The Canadian government has opened a new round of financing discussions for the Mackenzie Gas Project (MGP) with a blunt reminder that no public money is available to the faltering proposal.

Federal Industry Minister Jim Prentice delivered the statement as an initial response to undisclosed proposals from the Arctic pipeline project group led by Imperial Oil Ltd. and including Shell Canada, ConocoPhillips Canada, ExxonMobil Canada and the Aboriginal Pipeline Group (APG).

“The government of Canada has no interest in owning any portion of the project or in subsidizing petroleum companies,” said the minister. “It must be a private sector investment driven by commercial considerations.”

Prentice also repeated that the industry must demonstrate that the project will pay off for the Northwest Territories and its aboriginal communities rather than become a further drain on the federal treasury that now covers costs of public services in Canada’s Arctic. “It must result in tangible benefits for northerners and Canadians in general. Participation of the Aboriginal Pipeline Group must remain an aspect of the project,” the minister said.

Preparations for the talks sparked a revival of speculation that some combination of the federal government, an enlarged APG and TransCanada PipeLines Ltd. is prepared to take over the Arctic gas development (see NGI, Dec. 10). Prentice dismissed previous flurries of such speculation as simply misunderstanding the federal attitude, especially under the Conservative regime in Ottawa.

TransCanada has also indicated it is not demanding to take over leadership of the project.

Recurrent speculation about a federally subsidized takeover is rooted in calls for help by pro-development interests in the territorial government and the aboriginal group, which holds a one-third interest in the proposed Mackenzie Valley Pipeline. TransCanada is financing the aboriginal group with cash advances for operations in the form of a loan to be repaid only if the pipeline is built.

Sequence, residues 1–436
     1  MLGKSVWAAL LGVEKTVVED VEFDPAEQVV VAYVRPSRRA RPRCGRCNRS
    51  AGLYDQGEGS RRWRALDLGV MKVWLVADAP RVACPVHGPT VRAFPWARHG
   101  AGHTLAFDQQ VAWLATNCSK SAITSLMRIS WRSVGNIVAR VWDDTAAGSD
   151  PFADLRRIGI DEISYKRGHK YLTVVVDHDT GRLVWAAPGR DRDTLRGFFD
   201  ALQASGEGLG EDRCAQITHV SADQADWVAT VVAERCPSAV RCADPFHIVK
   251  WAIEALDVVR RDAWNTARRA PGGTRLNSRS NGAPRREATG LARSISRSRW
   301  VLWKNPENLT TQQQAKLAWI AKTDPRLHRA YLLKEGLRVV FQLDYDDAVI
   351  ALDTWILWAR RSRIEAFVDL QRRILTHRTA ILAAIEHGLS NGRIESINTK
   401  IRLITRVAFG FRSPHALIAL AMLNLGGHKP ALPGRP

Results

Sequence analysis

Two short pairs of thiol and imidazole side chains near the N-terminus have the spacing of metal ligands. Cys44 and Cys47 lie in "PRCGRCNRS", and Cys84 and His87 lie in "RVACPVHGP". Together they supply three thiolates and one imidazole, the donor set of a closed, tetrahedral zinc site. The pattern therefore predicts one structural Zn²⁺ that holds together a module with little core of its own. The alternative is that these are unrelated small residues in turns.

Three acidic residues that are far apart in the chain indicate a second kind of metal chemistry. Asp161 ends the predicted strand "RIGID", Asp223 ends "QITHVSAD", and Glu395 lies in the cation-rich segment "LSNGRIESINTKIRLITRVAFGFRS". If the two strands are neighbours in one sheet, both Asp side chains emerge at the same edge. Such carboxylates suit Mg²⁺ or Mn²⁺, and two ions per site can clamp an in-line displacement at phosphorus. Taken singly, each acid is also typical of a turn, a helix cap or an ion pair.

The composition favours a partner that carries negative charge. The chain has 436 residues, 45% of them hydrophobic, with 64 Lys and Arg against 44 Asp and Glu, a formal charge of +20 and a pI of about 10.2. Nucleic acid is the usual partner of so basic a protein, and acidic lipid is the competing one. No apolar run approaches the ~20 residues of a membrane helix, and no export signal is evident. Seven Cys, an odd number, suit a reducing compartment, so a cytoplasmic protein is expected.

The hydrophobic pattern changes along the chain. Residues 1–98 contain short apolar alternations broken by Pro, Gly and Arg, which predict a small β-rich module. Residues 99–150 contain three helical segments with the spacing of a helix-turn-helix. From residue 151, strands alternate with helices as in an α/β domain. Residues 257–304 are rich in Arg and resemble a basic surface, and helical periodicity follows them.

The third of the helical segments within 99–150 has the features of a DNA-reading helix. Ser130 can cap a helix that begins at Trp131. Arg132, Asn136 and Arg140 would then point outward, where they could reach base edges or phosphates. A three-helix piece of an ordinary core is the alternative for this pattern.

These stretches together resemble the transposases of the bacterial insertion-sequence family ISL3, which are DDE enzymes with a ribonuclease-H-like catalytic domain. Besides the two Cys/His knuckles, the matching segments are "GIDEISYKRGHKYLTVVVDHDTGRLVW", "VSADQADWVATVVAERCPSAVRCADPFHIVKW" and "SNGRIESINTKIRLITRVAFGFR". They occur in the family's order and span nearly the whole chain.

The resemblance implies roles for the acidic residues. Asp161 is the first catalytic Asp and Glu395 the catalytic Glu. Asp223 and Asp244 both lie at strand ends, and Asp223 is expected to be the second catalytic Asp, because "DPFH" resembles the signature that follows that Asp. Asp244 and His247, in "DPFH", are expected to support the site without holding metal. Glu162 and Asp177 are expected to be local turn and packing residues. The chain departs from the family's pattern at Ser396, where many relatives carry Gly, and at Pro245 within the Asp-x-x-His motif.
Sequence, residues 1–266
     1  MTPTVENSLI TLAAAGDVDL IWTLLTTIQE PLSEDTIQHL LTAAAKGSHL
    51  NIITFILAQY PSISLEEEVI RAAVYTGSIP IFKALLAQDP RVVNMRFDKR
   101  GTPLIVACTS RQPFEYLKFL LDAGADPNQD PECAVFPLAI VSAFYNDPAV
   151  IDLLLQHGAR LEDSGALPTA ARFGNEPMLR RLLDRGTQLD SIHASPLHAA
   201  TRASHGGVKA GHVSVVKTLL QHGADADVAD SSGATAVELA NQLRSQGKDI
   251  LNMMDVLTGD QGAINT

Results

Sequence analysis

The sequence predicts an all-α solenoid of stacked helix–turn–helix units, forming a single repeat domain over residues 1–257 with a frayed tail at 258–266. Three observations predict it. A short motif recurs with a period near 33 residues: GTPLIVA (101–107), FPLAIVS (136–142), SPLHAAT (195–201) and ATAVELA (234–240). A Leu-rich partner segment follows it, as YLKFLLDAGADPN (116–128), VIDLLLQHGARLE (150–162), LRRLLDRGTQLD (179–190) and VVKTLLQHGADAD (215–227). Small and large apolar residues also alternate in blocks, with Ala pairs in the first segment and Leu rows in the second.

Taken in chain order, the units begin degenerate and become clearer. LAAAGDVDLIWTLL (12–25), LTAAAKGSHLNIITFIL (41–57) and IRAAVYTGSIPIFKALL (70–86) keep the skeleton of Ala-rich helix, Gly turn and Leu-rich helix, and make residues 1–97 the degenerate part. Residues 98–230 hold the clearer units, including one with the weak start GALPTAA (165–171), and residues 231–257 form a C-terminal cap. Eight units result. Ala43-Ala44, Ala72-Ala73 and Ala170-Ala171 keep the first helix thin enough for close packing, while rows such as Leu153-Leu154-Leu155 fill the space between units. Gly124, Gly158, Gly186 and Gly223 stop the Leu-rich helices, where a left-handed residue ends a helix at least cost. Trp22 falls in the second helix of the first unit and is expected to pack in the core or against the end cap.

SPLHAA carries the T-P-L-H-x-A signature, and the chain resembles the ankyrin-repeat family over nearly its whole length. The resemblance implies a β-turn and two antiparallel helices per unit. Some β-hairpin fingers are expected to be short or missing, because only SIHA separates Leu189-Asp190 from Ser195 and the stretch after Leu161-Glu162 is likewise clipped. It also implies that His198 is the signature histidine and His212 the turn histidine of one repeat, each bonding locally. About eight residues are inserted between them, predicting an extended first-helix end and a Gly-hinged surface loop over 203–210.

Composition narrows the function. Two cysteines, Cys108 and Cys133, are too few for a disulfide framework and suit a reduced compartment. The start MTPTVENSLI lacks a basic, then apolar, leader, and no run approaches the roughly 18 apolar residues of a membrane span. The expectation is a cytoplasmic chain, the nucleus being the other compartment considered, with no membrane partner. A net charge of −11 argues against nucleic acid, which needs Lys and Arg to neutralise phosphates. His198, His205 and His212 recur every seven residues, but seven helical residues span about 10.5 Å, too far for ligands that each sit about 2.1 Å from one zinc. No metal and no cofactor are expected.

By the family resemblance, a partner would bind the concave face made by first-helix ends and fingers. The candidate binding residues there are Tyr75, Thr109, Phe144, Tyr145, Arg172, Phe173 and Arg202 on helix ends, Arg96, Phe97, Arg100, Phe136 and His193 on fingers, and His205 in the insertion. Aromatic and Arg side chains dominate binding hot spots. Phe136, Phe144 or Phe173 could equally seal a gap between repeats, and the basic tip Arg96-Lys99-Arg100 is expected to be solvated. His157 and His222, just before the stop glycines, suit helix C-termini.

Neither side in the talks set a target date for overhauling the project into an economically improved form. Completion of the MGP has been officially delayed for at least three years until 2013, after revised estimates raised forecast construction costs to C$16.2 billion from a previous C$7 billion.

The latest forecast for regulatory approvals sets the decision date back to mid-2009. Although the National Energy Board and a parallel environmental joint review panel of federal, native and territorial authorities have finished evidence hearings, further preliminary reporting and argument stages remain far from complete.

The proposed MGP pipeline would ship as much as 1.9 Bcf/d across 750 miles from the Mackenzie Delta south to the Beaufort Sea Coast. However, the project has suffered delay after delay, with its fate tied to efforts of the producer consortium. Earlier this year Imperial said the economics of the pipe were “not robust,” and the group has since been renegotiating MGP’s options with the Canadian government (see NGI, Sept. 3; April 16).

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